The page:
Evidence of Habitation Can Make Model Railroad Scenery Look Real And Bring The Scene To Life – But How?
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What does every human community have in common? Trash. A goodly amount of it, too. Humans discard things by the ton, and unless you are modeling a pristine natural environment, when you add a community or some other area humans are to be found, don’t forget the trash. There are almost as many ways to add trash as there are common items around your house. Small blocks of wood can be turned into crates. Resin castings of barrels and tires can be purchased from most hobby outlets if you need something specialized. Piles of dirt can be created with a mound of newspapers, plaster cloth, and some actual dirt. Round plastic coffee stirrers are perfect for stacks of pipe or individual discards. Twine or string can be dyed an appropriate color for discarded lengths of rope.
Parts from discarded rolling stock can decorate a yard scene or repair track. Old ties from strips of tongue depressor or wooden coffee stirrers, cut to length and stained with appropriate colored washes can lay around small trackside buildings. Don’t forget to drop square shaped bits of brown paper into road ditches occasionally to simulate discarded cardboard boxes. Cable spools can be made from dowels and shirt cardboard ends wound with small lengths of plastic insulated wire.
Take a tour of a nearby industrial area and bring your camera or smart phone. Take lots of photographs, then go through your kitchen and garage and look for small bits that look like the objects in your photos. Look for the shape rather than the color, you can always paint to suit.
Be sure to glue your trash down, though. Otherwise you might end up with model trash being real trash on the layout room floor!
Using Paints and Washes To Create Scenery Realism
Paints useful to model railroaders come in five basic types: Enamel, Acrylic, Lacquer, Polycarbonate and Latex. The easiest paints to work with are Acrylics and Latex because they are water soluble and clean up easily leaving very little mess. The more familiar model paints for rolling stock and plastic items are Enamels and Lacquers and require a special thinner product to clean up and remove spills. Polycarbonates are usually found in the form of spray cans or airbrush products and sometimes need surface preparation besides cleaning to adhere well.
Washes are made from paint plus whatever thinner is appropriate to the paint type. Washes can be of nearly any proportion, but 4:1 or 5:1 thinner to paint is typical. A rule of thumb is that the thinner the wash, the easier it is to control the effect. It’s best to use several very thin coats of wash than one thicker coat.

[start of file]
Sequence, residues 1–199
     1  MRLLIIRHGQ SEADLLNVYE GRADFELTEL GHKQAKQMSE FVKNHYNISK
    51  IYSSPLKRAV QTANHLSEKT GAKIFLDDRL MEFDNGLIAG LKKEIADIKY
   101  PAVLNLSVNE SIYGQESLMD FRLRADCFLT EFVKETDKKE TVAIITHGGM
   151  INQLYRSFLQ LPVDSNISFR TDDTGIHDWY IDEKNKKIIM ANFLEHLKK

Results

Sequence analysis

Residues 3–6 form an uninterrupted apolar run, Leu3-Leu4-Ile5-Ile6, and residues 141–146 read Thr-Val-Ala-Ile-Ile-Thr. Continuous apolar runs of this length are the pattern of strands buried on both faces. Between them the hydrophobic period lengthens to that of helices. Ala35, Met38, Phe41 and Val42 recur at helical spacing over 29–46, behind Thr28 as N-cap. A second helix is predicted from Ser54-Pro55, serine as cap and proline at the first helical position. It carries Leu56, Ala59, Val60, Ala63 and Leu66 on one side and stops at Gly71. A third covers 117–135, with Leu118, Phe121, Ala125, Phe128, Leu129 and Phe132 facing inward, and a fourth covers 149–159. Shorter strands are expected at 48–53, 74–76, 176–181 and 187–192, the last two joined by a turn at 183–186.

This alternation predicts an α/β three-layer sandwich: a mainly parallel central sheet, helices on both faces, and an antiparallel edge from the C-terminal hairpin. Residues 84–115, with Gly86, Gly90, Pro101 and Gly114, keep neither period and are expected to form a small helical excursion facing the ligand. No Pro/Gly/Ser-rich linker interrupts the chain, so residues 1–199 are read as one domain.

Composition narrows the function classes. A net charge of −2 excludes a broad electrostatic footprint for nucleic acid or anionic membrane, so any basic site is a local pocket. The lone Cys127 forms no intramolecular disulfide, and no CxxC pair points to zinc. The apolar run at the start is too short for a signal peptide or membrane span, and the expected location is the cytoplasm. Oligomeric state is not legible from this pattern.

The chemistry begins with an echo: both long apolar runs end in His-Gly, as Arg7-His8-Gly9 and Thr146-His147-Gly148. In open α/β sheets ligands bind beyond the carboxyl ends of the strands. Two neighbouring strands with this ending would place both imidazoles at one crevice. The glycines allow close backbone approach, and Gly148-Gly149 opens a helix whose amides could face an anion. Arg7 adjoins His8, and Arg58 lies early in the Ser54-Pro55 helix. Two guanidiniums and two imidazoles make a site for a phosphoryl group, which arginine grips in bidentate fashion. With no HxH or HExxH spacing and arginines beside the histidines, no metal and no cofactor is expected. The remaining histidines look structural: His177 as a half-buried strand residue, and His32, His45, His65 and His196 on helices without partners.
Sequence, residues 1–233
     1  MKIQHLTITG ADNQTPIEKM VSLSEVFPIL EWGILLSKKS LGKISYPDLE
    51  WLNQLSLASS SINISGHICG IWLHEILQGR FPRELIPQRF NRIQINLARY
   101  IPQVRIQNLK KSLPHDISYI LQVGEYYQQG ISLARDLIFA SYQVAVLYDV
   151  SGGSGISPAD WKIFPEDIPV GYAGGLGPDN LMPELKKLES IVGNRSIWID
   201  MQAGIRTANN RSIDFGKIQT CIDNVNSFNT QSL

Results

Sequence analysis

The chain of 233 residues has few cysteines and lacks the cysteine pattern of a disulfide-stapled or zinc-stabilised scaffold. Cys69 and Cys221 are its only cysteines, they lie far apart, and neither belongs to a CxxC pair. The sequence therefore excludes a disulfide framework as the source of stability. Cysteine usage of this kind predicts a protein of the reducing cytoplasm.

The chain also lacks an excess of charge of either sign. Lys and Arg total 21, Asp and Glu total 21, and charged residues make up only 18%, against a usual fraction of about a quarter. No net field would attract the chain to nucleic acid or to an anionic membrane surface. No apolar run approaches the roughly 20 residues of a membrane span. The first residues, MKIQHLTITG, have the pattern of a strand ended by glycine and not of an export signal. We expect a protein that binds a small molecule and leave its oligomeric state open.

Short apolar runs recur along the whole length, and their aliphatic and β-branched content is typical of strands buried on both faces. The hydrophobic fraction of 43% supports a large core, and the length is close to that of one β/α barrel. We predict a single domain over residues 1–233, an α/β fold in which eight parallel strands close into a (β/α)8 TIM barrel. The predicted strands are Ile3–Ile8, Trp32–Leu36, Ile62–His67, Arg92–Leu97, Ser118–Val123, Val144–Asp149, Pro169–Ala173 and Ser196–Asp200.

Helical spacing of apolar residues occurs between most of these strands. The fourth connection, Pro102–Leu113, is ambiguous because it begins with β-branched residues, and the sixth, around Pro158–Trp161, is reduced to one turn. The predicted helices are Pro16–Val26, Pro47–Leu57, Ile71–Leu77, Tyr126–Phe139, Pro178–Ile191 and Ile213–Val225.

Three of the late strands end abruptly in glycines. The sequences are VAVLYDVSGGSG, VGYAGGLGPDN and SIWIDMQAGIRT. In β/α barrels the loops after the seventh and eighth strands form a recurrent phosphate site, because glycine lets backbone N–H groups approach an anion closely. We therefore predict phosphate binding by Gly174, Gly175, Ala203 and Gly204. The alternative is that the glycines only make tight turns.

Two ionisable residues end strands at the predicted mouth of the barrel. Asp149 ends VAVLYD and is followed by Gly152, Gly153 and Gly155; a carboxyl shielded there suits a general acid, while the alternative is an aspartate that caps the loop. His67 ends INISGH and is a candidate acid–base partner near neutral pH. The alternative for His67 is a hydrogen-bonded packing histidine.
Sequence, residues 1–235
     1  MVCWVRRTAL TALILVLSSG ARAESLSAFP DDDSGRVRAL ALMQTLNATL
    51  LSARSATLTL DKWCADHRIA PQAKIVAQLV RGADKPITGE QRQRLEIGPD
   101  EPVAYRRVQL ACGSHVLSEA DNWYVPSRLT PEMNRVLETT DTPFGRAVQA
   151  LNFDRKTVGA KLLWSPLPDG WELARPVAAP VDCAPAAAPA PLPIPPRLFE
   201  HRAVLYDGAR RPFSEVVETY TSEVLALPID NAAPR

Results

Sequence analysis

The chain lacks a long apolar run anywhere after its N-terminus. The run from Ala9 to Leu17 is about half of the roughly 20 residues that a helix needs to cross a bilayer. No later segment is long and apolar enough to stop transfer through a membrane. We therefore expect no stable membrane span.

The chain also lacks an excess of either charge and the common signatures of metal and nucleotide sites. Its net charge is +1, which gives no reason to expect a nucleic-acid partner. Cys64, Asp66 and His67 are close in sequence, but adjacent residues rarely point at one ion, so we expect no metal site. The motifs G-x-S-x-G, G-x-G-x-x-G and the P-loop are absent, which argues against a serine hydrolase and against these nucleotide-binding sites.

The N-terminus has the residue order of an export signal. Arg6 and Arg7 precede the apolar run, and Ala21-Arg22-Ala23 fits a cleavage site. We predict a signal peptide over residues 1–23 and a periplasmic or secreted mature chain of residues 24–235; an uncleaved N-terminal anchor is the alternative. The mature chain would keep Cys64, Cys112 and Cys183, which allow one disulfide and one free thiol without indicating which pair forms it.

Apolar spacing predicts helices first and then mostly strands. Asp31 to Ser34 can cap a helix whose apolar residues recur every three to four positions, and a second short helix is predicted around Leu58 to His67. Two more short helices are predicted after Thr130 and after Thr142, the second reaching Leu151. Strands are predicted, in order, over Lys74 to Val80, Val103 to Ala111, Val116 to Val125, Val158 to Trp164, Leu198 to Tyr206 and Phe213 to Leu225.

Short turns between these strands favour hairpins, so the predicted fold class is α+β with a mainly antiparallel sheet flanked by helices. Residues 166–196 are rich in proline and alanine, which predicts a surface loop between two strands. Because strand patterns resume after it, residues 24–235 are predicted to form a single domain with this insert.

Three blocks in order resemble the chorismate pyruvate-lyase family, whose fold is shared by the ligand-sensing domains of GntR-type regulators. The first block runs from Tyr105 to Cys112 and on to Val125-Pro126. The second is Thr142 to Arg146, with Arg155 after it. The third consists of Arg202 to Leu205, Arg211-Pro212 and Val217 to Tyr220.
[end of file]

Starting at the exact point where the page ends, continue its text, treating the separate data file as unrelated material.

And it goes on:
Paints in general are used for base colors of any object. Rolling stock, buildings, scenery base, all take a decent base coat to start from. Subtle shading, particularly weathering, is best done with washes. Because a wash is by definition a very thin coat, it will tend to run according to gravity and well simulates rust streaks, water stains, or oil spills.
A variety of brushes and containers are necessary with paints and washes. It’s not a good idea to mix different types of paint in the same container or brush, no matter how clean you think you might have gotten it. It would be wise to have a supply of disposable mixing containers for creating your washes from the base paints.
Washes can also be applied via airbrush, so if you use one you’ll also want to have the appropriate type of clearer for the paint you are using.
Inks and dyes can also be pressed into service as washes and scenic tinting. Clothing dyes can be added to plaster mixes to pre-color features, and a 50/50 mixture of India ink and alcohol makes a black/grey wash that is perfect for rock face shadows or just grimy areas. The same tools you use for painting can be used for inks and dyes. Inks can be found in your art store department that has supplies for calligraphy.
What do I do with all of this?
There are about as many storage solutions as there are modelers. If you are lucky to have a permanent workbench, many of these products can be placed on small shelves made of 1x2” pine stock. If you are forced to use the kitchen table for your products, very inexpensive plastic storage containers come in a bewildering array of sizes and configurations. A trip to your big box store like Wal-Mart or K-Mart will undoubtedly give you an opportunity to find the perfect storage solution for your needs. One of the best is a series of stackable plastic drawers with a roller base. This unit is exceptionally portable and conveniently separates your materials by type and use, with one or more drawers allocated to your tool kit if you like.
This piece has just scratched the surface of materials and tools that can be used for creating model railroad scenery. One of the best things about this hobby is the easy and economy of experimentation. None of the materials or tools described above is hugely expensive. Most can be obtained for about the price of a good latte.
Many tools you will find useful started out life with other purposes. Bamboo barbeque skewers, for example, typically have a rather sharp point on one end that can be used for sculpting, holding, drilling, moving, supporting, and as construction materials themselves for building wall bracing, scale fence posts, tree trunks, and many others. Yet, you can find them just about anywhere for a few pennies, and nothing says you can’t recycle the ones you have already used for your barbeque get-togethers! A trip through the dishwasher will get them ready for your tool kit or building materials stash.
It’s up to you, go build something!